“I was one of those kids that set fire to stuff—and now I burn shit every day. I’ve become a professional pyromaniac.”
Sporting that rare lumberjack-casual look (bobble hat, hi-vis jacket, and Grizzly Adams beard) London Log Company’s Mark Parr may not be your typical fire starter, but “Lord Logs,” as he’s otherwise known, is certainly blazing a trail.
Credited with changing the face of London’s restaurant scene by pretty much every chef of the moment—from Kitty Fisher’s’ Tomos Parry to Lee Tiernan of Black Axe Mangal—Parr’s toned down brand of pyromania is fire craft, specialist charcoal, and flavour-packing woods.
I’m shadowing Parr as he delivers his goods to the capital’s foodie elite, starting from the company’s Deptford depot.
Huge cages of wood fill the railway arch enclosure, knots and gravy-coloured striations snarling back at me as we prowl around the cages. Beech, oak, silver birch: it’s all here. Five hundred tonnes of the stuff at any one time, Parr explains—the entire depot stacked out with a week’s worth of wood for London restaurants.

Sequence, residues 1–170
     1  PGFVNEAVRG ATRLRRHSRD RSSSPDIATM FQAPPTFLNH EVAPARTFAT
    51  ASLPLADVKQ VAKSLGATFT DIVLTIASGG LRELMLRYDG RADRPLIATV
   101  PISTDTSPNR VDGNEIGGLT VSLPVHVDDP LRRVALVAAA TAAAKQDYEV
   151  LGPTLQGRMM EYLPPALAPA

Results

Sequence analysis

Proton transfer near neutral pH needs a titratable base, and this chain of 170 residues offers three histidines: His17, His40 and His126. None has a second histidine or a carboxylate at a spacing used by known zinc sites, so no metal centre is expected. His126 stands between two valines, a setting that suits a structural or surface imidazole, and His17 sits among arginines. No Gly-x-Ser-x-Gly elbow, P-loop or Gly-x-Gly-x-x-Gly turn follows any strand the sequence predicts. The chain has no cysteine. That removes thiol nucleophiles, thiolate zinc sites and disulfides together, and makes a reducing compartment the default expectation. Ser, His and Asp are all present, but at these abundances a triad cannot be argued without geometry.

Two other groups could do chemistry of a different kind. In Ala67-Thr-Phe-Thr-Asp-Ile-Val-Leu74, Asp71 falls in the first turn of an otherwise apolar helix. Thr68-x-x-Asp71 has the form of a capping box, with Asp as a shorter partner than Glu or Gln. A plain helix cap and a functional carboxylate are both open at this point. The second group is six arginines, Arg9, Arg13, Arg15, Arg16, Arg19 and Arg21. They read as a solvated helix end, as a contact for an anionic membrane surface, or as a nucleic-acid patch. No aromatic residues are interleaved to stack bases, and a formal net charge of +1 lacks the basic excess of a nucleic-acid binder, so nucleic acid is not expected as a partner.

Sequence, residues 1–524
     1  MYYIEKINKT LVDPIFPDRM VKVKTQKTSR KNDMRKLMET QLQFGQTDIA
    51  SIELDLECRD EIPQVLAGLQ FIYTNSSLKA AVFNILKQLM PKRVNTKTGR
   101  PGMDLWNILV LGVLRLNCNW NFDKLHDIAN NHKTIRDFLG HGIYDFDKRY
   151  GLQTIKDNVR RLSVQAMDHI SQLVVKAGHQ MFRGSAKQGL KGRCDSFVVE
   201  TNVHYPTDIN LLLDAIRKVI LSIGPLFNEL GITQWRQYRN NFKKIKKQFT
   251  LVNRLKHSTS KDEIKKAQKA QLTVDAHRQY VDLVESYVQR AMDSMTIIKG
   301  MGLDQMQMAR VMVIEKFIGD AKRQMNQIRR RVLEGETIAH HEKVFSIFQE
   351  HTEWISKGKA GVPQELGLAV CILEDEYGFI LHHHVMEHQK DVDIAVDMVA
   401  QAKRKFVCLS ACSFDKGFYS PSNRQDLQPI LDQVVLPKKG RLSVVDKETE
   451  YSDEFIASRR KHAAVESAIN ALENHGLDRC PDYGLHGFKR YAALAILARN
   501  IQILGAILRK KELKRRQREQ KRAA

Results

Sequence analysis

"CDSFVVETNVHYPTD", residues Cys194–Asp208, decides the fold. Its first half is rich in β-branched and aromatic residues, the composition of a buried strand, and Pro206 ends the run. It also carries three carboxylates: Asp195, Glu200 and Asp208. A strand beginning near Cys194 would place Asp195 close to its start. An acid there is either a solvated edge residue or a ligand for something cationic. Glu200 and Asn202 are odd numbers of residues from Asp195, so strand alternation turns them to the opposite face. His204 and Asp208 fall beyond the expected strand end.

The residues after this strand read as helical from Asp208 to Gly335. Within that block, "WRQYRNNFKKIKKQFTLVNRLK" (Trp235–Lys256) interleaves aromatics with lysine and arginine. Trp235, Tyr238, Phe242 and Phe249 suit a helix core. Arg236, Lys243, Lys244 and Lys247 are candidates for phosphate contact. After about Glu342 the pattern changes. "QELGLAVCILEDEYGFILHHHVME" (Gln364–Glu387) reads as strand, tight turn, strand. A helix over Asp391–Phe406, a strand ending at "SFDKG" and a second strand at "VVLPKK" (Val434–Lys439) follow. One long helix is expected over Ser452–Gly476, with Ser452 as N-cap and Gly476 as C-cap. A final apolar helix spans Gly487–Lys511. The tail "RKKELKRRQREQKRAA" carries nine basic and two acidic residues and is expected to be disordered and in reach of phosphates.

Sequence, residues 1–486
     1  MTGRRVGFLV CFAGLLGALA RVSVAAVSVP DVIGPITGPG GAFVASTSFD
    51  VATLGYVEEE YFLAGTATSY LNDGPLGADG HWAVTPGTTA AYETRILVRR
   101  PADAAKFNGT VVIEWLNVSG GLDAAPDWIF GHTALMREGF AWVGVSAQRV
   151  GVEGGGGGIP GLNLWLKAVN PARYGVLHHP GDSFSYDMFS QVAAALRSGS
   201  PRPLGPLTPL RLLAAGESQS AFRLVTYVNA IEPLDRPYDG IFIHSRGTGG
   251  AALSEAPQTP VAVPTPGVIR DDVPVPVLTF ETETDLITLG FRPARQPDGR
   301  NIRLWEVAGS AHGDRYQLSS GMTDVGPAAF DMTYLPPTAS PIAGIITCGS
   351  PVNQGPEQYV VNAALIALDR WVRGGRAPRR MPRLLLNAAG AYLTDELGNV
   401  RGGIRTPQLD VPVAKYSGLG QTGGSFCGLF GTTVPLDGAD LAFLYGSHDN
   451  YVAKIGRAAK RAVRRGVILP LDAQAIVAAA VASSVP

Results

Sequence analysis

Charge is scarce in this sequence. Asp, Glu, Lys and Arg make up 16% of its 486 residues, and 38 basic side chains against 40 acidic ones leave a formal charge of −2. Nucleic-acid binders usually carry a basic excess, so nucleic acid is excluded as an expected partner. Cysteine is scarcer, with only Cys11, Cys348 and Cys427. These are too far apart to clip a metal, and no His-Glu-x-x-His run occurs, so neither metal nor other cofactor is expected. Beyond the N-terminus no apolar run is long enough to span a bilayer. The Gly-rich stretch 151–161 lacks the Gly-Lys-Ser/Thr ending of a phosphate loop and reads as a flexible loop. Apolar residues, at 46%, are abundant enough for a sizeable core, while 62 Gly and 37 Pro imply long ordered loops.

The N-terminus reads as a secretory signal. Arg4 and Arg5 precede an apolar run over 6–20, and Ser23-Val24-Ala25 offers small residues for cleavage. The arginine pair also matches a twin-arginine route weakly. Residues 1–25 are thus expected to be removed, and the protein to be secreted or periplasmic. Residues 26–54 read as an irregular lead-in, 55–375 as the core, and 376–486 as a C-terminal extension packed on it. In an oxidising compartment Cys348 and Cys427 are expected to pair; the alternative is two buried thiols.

Parr himself is a mini-hurricane of enthusiasm and modesty. You’d never know that he was the the grill consultant to last summer’s hottest restaurant ticket The Chiltern Firehouse, or helped turn Meatopia into one of London’s most respected food festivals. The London Log Co.’s client list is literally a who’s-who of British chefs: Jamie Oliver, Nathan Outlaw, Tom Adams, Nuno Mendes, Richard Turner, as well as the aforementioned Parry and Tiernan. Even Parr admits that sometimes he’ll look at the names and go: “That’s pretty fucking cool.”
But when I ask him upfront about the success of the company: “It’s that patience of watching a tree grow,” he says, sage-like. “We just let it happen.”
It has not been without it’s fair amount of brawn, brains, and balls, however. On the road to our first drop off of charcoal, Parr tells me his story.